For oil addicts, switch-grass gas and more
Perhaps he winced at Iran's threat to cut oil exports. Or at a similar Venezuela threat. Or at turmoil in oil exporters Nigeria and Iraq. Or simply at China grabbing every oil patch it can get. But now President Bush has firmly linked US security to its oil addiction.
He made that critical linkage in Tuesday's State of the Union speech, a startling turnaround for a former Texas oil man who, up to now, preferred throwing tax breaks at oil firms to find more crude.
To be sure, oodles of oil still ooze from the planet, a giant mass of it in Alberta's gooey tar sands and Colorado's shale. But the president may have realized two points: Oil prices are likely to remain permanently high, and America's defense requires it to break its oil addiction, no matter where the world's remaining oil comes from.
With three years left in his term, Mr. Bush needs to show he's serious about his "Nixon-to-China" trip into a nonoil energy future. Because he's framed oil addiction in security terms, he'd best put the same money and jaw-boning behind the solutions that he deploys in the war on terror.
As the world's largest oil user, the US must reduce oil consumption so that an Iran cannot easily wield an oil card to get a nuclear weapon. Or so a Saudi Arabia cannot allow oil profits to filter to terrorists. Or so a Venezuela can't throw oil money at anti-US regimes. Or so a Russia cannot cut off petroleum exports in a strategic dispute. Or, for that matter, so a hurricane like Katrina can't create an oil price spike.
Nor should the US continue to spend billions to deploy its military in the Middle East to secure that dwindling oil patch - one reason perhaps why Bush set a goal for the US to cut 75 percent of its oil imports from the Middle East by 2025.
Every president since Nixon has promised a new energy future. The most dramatic success since then has been in conservation, with the US being about twice as efficient in oil use. More can be done, as Bush promised, in putting more money into battery research for use in plug-in and hybrid cars. But the test of his leadership will be in selecting the right projects with the right amount of money to boost nonoil energy sources - and enable them to be sustained.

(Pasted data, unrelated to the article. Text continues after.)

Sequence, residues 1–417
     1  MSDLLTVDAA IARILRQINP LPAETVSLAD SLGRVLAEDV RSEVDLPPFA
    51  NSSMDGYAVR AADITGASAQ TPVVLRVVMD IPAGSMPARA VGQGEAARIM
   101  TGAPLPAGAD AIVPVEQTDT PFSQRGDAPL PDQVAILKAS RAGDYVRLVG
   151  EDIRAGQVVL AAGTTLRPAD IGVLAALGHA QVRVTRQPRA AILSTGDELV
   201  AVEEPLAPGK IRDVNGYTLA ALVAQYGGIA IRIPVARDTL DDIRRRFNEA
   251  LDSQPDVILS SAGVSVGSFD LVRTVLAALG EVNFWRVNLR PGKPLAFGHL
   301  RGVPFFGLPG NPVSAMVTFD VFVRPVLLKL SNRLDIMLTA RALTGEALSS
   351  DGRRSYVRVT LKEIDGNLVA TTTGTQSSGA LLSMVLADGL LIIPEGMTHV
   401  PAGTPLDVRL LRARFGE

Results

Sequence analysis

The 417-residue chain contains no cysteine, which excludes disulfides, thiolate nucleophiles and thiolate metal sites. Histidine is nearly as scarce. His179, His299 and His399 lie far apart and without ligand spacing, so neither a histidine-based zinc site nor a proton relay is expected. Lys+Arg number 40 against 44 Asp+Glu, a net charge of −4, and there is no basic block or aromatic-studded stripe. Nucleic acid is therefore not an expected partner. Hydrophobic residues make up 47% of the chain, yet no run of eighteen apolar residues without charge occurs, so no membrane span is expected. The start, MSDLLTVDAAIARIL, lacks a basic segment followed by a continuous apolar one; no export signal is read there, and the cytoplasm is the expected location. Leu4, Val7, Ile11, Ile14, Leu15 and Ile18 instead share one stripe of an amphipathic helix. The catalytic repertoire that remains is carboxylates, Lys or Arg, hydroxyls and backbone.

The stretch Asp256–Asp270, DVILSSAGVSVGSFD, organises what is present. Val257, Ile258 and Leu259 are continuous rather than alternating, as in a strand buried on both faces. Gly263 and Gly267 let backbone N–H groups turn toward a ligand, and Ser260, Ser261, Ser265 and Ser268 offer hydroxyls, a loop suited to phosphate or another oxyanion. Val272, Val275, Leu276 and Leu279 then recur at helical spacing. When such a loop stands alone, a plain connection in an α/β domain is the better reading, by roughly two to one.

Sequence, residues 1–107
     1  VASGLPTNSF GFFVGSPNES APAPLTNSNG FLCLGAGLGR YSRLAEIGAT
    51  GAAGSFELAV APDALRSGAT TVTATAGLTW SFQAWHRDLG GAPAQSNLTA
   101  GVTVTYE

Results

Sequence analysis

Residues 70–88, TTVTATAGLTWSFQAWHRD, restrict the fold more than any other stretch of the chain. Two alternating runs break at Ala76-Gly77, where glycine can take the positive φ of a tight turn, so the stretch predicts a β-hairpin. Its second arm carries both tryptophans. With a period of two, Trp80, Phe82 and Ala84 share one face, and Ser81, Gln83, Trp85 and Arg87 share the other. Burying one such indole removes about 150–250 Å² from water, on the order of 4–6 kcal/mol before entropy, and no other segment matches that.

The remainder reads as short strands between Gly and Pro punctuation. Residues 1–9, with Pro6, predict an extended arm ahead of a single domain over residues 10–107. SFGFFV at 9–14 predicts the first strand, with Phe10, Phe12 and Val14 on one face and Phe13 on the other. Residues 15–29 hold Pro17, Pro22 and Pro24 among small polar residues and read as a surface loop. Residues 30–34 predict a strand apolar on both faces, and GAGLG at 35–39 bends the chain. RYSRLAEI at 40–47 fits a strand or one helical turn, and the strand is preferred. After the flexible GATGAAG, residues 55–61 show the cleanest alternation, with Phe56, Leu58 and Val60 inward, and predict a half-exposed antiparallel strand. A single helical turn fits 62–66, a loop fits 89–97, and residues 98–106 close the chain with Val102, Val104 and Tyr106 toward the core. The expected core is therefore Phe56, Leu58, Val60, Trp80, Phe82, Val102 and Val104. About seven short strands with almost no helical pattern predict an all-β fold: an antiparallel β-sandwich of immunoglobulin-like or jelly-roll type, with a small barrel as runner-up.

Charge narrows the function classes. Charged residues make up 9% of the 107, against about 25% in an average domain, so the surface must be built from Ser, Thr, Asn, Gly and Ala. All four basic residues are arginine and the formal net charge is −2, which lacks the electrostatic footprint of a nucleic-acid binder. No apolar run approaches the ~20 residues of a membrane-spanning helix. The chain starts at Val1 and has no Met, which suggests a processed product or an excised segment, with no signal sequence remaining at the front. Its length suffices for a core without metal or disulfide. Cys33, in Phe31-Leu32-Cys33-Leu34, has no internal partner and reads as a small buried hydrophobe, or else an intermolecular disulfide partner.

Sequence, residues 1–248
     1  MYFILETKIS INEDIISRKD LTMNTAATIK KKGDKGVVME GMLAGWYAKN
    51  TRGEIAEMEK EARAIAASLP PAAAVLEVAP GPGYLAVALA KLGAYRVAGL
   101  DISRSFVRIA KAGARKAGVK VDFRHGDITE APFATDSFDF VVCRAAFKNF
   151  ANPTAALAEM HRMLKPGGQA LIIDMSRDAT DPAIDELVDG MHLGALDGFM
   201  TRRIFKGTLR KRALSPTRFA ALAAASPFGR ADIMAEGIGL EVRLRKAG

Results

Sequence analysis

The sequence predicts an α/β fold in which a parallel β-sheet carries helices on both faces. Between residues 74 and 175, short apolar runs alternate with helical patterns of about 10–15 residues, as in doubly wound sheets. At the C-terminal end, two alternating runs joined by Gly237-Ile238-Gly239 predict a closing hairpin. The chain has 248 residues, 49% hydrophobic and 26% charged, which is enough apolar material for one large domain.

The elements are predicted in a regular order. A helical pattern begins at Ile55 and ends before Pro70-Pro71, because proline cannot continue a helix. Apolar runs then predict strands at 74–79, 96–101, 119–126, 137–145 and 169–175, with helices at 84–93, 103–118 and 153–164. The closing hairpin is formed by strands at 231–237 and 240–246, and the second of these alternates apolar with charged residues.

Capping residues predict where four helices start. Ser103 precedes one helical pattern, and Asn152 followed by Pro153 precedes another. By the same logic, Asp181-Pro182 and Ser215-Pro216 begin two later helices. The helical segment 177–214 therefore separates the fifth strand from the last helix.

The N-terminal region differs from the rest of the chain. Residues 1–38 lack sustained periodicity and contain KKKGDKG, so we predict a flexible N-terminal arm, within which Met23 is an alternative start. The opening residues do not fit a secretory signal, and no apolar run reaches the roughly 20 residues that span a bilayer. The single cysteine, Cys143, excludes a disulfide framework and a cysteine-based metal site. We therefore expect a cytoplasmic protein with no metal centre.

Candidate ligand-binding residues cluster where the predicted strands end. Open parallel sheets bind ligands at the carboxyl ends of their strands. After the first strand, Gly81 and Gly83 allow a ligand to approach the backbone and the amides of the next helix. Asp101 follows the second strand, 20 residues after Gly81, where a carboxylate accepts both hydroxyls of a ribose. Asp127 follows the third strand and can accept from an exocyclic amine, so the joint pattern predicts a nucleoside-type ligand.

To ensure that, he must work with Democrats to lay down a bipartisan energy future that will survive Washington's political flux. Last year, the GOP largely rammed through its energy measures, many of which were larded up with pork-barrel projects and lobbyists' wishes, and largely directed at finding more oil.
But to replace oil in the US energy mix, government needs to make sure the price of oil products remains high enough, or taxed enough, to help pay for oil alternatives. The switch to other sources will be expensive, and today's oil users must pay for it. They could, for instance, pay higher prices for more fuel-efficient vehicles, such as those running on hydrogen or electricity, or pay higher gas taxes on gasoline to fund nonoil subsidies.
The economics of relying on fuel made from corn, sugar cane, or (as Bush noted) the tall prairie plant called switch grass, still haven't been proven. But the US needs to expand the breadth of its energy experiments - and do it with all the zeal of a converted former oil man.